What are you not seeing on purpose? It’s a question that I ask often when I coach leaders who get stuck while trying to make a big decision.
You might be surprised at the answer.
The typical reply? “Do you mean, what am I avoiding?”
Nope, not exactly. I mean this:
- Where are you not looking because you think you’ve already checked there?
- Where are you not looking because you suspect that what you discover won’t make a difference to the problem at hand?
- Where are you not looking because you don’t have the time, or the energy, or the patience?
- Where are you not looking because what you might find will scare the heck out of you?
What are you not seeing on purpose?
My coaching clients are not unlike most leaders. They, just like the rest of us, believe their perception skills are keen. As convinced as they may be, what’s in front of them is rarely all there is.
What’s going on when leaders don’t see?
According to Professor Max Bazerman, author of The Power of Noticing: What the Best Leaders See
Leaders often fail to notice when they are obsessed by other issues, when they are motivated to not notice, and when there are other people in their environment working hard to keep them from noticing.
Even if you have a superior grasp of common blind spots, you must remain alert for unplanned surprises and acknowledge your cognitive biases. Even the most venerated leaders make egregious mistakes, failing to notice—or even ignoring—essential data. As they handle an emerging crisis, they may ask: “How did this happen?” or “Why didn’t I catch this sooner?
They should really be asking themselves:
• “What information should I have gathered, beyond the basic facts?”
• “What information would have helped inform my decision?”
Imagine your advantage in negotiations, decision-making and overall leadership if you could teach yourself to spot and evaluate information others routinely overlook. More than a decade of research shows that leaders take no notice of critical, readily available information in their environment. This happens when they have blinders on, focusing on limited information they’ve predetermined to be necessary to make good decisions.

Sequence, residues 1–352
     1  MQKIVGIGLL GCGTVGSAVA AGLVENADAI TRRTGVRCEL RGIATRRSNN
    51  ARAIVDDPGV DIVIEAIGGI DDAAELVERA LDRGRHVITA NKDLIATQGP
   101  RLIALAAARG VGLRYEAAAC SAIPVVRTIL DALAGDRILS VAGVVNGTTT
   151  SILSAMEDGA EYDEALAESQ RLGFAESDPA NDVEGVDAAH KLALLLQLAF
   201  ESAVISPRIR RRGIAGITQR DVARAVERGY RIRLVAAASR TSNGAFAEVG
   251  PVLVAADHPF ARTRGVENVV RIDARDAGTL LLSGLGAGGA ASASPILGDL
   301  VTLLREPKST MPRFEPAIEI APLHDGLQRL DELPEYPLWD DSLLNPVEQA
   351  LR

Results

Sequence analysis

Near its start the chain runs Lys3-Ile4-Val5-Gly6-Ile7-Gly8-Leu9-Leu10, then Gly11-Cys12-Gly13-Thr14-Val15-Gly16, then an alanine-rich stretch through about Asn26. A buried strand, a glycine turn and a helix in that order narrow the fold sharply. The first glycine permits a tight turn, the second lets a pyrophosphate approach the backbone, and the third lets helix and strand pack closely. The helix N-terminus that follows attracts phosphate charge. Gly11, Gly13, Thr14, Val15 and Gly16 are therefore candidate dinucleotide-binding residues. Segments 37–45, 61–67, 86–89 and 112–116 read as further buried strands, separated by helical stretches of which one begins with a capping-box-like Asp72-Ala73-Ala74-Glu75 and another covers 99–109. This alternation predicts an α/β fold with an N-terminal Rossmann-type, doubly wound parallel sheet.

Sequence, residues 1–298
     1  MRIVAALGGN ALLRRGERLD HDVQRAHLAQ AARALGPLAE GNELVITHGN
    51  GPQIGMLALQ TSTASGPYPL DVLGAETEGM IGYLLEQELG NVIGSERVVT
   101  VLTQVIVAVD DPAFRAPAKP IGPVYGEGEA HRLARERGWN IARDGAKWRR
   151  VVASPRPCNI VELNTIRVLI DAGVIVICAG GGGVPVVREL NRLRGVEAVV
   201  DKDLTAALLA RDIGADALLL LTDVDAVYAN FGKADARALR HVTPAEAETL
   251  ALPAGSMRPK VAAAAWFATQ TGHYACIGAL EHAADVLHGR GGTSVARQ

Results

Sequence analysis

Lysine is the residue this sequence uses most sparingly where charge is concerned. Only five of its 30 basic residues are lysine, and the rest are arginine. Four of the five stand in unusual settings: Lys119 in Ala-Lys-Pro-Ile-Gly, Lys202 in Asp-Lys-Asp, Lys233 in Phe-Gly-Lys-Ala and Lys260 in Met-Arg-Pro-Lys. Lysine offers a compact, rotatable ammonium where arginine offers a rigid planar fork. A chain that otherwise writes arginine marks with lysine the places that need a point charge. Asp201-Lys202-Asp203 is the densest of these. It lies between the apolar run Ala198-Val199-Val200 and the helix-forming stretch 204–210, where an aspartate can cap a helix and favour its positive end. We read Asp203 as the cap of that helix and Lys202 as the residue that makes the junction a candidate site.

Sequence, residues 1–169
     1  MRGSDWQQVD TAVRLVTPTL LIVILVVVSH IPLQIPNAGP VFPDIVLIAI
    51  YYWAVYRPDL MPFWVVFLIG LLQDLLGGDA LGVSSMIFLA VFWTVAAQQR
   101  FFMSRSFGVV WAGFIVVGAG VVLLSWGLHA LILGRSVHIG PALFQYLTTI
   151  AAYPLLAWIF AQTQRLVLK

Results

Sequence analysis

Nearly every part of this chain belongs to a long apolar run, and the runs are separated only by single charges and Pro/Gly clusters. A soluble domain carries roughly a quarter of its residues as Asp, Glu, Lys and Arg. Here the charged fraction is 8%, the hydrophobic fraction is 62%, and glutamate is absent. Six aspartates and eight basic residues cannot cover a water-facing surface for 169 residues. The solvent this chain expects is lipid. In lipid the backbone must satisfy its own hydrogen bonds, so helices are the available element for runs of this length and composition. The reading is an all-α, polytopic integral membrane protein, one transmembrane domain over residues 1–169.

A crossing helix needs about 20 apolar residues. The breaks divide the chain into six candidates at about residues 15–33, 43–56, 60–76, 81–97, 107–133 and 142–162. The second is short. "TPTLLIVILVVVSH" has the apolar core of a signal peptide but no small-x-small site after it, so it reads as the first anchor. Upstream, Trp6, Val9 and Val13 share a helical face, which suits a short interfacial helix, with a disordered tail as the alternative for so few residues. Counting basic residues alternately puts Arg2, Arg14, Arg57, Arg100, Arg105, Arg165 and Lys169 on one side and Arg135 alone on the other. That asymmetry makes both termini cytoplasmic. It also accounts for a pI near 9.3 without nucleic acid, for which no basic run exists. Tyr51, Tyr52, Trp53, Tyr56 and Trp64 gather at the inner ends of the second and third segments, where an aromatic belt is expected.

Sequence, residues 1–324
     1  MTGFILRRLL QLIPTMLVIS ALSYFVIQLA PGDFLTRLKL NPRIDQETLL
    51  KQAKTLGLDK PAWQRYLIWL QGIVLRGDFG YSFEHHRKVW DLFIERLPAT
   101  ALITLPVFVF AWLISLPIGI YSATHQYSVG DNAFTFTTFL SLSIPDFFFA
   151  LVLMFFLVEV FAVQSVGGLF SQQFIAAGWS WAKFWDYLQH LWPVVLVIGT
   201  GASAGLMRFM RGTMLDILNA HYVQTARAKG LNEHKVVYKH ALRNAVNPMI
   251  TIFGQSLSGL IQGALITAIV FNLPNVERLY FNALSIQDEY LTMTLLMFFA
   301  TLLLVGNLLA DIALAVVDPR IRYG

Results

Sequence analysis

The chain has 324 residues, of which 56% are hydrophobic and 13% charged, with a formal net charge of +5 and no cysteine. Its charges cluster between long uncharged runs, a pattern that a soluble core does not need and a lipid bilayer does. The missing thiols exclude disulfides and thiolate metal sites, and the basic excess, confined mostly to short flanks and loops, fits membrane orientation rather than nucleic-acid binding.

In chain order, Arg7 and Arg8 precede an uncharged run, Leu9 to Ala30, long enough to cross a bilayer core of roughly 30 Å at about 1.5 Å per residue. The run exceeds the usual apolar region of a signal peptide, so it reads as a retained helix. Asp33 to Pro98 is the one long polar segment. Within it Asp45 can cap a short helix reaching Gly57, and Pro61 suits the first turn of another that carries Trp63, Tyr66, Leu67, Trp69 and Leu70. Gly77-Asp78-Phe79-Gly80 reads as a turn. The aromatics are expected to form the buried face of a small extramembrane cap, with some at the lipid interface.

Does this sound even a little bit like you? There are some terrific business books about the high-level decision-making required of senior executives. If you want to improve your ability to see more clearly, you’ll want to give them a read.
I’ve already mentioned one by Harvard Business School Professor Max Bazerman, The Power of Noticing: What the Best Leaders See (Simon & Schuster, 2014). Max Bazerman is the co-director of the Center for Public Leadership at the Harvard Kennedy School and the author of numerous books, including:
- Negotiation Genius with Deepak Malhotra,
- Blind Spots with Ann E. Tenbrunsel,
- Judgment in Managerial Decision Making with Don A. Moore.
Drawing on real-world examples, from the Challenger Space Shuttle disaster to Bernie Madoff’s Ponzi scheme, Bazerman diagnoses what information went ignored in these situations, and why. He challenges leaders to explore their cognitive blind spots, identify any salient details they are programmed to miss, and then take steps to ensure it won’t happen again.
His book will help you spot the hidden details that can change your decision-making and leadership skills for the better, teaching you to:
• Pay attention to what didn’t happen
• Acknowledge self-interest
• Invent the third choice
• Realize that what you see is not all there is.
I’ve been posting a lot of tips for coaches in the last while. I’m going to shift gears over to leaders for a bit. In this next series of posts, I’ll share with you some of what I’ve learned about the skill of noticing, and how you can avoid falling short when making important decisions.
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Have you ever been blindsided by something you didn’t see on purpose? Post a comment below, I’d love to hear from you.
Oh, and if you’ve got a big sticky business problem you’d like to work through with a coach, let’s talk!
Author: Cathy Shaughnessy
Cathy Shaughnessy is a PRISM award winning ICF Master Certified Coach and author of the book series The Really Competent Coach. Cathy coaches senior leaders, mentors credentialed coaches, trains fledgling coaches and helps organizations build strong coaching cultures.
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